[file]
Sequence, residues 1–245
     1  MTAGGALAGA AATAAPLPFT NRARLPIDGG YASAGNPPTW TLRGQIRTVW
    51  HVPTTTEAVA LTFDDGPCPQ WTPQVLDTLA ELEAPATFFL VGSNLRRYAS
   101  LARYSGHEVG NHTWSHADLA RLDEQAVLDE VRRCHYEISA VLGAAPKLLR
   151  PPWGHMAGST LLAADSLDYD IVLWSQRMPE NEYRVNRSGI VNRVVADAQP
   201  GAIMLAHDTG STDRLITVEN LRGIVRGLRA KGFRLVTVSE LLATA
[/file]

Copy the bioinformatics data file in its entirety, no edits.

Sequence, residues 1–245
     1  MTAGGALAGA AATAAPLPFT NRARLPIDGG YASAGNPPTW TLRGQIRTVW
    51  HVPTTTEAVA LTFDDGPCPQ WTPQVLDTLA ELEAPATFFL VGSNLRRYAS
   101  LARYSGHEVG NHTWSHADLA RLDEQAVLDE VRRCHYEISA VLGAAPKLLR
   151  PPWGHMAGST LLAADSLDYD IVLWSQRMPE NEYRVNRSGI VNRVVADAQP
   201  GAIMLAHDTG STDRLITVEN LRGIVRGLRA KGFRLVTVSE LLATA